Bournemouth Life and Travel Tips
(Bournemouth, Dorset, England, UK)
Bournemouth is a wonderful seaside resort to visit at any time of the year, although the summer months in Bournemouth are particularly busy. Even in the coldest winter, the town remains popular and people come to this seaside resort to enjoy the Christmas festivities, decorations and to do their Christmas shopping at the seasonal German-themed Weihnachtsmarkt market, next to the Lower Gardens and the Obscura Café.
The quietest time in Bournemouth is from January to mid-March and this is probably the only time when hotels reduce their prices, in an attempt to attract out-of-season holiday makers.
Tourism and Tourist Information
There are a number of tourist information offices, with the main outlet being situated in Westover Road, beside the Winter Gardens.
Bournemouth Tourist Information Centre
Address: Visitor Centre, Westover Road, Bournemouth, Dorset, BH1 2BU, England
Tel: +44 (0)1202 451700
Open hours: Monday to Saturday, daily - 09:30 to 17:30, also Sunday in May to September - 10:30 to 17:00
As in any large town or city, always maintain an awareness of your surroundings and try to blend in and not look like a tourist when visiting Bournemouth. Although crime levels in this friendly seaside town are extremely low, do be sure to look like you know where you are going and be particularly careful with hand baggage. Wear a bag or camera across your body, or even consider using a concealed money belt.
Places of Worship
The diverse seaside resort of Bournemouth is home to a large number of different cultures and most religions have a presence. Many of the churches in Bournemouth belong to the Church of England as places of worship for the Anglican faith, although all faiths are always welcome. Newspapers generally list times of services for the main denominations.
Pharmacies and Chemists
Most pharmacies in Bournemouth are open from at least 09:00 until around 18:00 and supermarkets often have in-store chemists. Local drugstores will usually open until 18:00, although some may stay open until later, and these usually have a pharmacy counter for dispensing prescriptions.
English is the most commonly spoken language in the Bournemouth and the United Kingdom, although regional dialects can vary greatly. There are many ways to say the same thing in the English language, so, in most cases, don't worry about trying to think of an alternative.
Tipping in Bournemouth is quite discretionary, with taxi drivers usually being given a 10% gratuity or thereabouts - although this is not essential. Bournemouth restaurants often include service charges and these are always clearly stated on the menus, otherwise a gratuity of around 10% is usually expected in recognition of prompt and courteous service. Hotel staff, such as luggage handlers, happily accept a tip of one or two pounds.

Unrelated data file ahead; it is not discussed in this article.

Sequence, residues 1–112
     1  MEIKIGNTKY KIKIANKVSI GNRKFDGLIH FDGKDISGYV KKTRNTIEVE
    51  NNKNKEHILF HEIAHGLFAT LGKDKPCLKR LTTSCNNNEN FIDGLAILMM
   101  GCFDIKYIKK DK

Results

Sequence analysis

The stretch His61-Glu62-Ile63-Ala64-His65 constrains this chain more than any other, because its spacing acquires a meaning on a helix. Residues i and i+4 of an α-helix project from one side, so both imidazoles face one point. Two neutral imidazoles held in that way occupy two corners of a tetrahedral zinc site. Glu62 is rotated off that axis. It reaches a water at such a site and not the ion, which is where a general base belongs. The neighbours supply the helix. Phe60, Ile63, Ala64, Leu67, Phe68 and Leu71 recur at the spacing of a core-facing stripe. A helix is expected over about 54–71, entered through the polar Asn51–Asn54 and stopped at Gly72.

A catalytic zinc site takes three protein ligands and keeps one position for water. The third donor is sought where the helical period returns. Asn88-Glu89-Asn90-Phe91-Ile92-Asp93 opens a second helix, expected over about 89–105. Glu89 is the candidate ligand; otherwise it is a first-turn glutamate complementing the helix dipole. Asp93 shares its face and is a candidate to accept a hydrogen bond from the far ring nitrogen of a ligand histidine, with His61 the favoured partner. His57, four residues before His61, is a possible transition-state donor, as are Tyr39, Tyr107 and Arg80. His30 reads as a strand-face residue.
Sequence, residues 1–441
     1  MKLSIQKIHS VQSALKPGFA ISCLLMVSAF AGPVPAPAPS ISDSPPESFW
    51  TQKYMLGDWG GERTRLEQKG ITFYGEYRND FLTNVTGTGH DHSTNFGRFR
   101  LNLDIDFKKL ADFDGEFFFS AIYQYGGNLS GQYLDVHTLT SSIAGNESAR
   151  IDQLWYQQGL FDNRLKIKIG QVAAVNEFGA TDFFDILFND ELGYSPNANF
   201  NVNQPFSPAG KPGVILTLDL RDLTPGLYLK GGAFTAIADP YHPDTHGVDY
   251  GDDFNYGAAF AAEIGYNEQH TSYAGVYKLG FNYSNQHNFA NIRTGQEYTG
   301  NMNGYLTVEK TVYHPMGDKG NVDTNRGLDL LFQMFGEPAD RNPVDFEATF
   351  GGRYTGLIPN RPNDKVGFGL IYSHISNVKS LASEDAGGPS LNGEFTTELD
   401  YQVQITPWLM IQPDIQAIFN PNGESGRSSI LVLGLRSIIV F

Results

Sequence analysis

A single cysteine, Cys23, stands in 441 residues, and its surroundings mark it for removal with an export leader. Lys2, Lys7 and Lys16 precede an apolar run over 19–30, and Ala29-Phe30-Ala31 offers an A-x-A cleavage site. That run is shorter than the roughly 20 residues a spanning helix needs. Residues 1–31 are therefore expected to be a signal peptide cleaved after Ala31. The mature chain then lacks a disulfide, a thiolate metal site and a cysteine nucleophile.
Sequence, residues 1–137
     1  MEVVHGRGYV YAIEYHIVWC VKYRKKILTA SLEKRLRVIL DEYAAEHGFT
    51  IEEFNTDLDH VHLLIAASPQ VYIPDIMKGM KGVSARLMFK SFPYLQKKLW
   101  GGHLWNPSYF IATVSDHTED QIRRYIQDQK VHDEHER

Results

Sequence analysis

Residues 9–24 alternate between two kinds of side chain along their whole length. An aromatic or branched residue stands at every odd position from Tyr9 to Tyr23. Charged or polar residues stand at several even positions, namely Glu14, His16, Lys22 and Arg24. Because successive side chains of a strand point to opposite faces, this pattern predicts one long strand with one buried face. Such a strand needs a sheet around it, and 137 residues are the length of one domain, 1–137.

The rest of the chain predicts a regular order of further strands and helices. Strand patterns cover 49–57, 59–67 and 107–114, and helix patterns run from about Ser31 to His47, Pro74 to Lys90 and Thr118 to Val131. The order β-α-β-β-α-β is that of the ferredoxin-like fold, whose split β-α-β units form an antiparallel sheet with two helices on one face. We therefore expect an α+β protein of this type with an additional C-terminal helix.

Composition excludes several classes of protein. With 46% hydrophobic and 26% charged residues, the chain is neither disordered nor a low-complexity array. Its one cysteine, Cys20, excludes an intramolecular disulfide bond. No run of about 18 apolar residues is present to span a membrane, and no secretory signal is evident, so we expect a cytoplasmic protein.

In all public buildings and on all public transport in Bournemouth, rules now restrict smoking and this is usually indicated by no-smoking symbols in prominent places. Pubs and bars in Bournemouth no longer permit smoking, following the arrival of an anti-smoking law throughout England at the beginning of July 2007.
Smoking in England is certainly not as fashionable as it once was, so it is always worth exercising discretion and sensitivity when selecting a place in which to smoke. The best advice would be not to smoke unless others around you do so, and certainly not close to families with children.
Invitations to Eat
Much business is done over the dinner table in Bournemouth and business lunches frequently take place at central restaurants recommended by your host. In most good restaurants there will be a comprehensive wine and beer list and tables usually need to be booked in advance. Business dinners in Bournemouth are also often conducted at home and these tend to be less formal affairs, with a pre-arranged time for arrival about half an hour before dinner is served. Although guests are not expected to arrive bearing gifts, a bottle of wine or flowers are very much appreciated and should be presented upon arrival. Social dinners are rarely formal affairs and guests will be encouraged to relax.
The British love pubs for their informality and social atmosphere. Pubs and wine bars in Bournemouth are most often places to meet and be seen, though each has its own standing in the local community, with some being frequented by business people, locals, celebrities and others by visitors and tourists. Most pubs and wine bars in Bournemouth are friendly places - if there is a good mix of people you can be sure that it is a good pub, otherwise, just close the door and find another nearby.
One of the most common social customs associated with drinking in pubs is that of buying a 'round' of drinks when drinking socially with a group. Members of the group take their turn, in no particular order, and as people's glasses empty it is a good idea to reciprocate and offer to buy the next round.
The belief that the British drink nothing but tea is today very much a myth. Many love drinking coffee, especially from the countless popular coffee shops in Bournemouth that have opened in recent years.